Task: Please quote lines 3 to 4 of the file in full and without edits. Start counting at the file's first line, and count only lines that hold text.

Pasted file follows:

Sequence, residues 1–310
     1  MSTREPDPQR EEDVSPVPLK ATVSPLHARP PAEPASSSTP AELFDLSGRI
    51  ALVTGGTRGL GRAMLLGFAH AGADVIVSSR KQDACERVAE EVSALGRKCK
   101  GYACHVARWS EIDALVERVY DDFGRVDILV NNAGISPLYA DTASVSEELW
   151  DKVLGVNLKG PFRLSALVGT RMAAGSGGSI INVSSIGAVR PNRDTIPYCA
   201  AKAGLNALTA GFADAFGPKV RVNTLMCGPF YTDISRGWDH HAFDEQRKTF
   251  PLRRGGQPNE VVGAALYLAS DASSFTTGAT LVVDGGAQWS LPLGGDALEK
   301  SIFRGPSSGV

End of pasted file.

    51  ALVTGGTRGL GRAMLLGFAH AGADVIVSSR KQDACERVAE EVSALGRKCK
   101  GYACHVARWS EIDALVERVY DDFGRVDILV NNAGISPLYA DTASVSEELW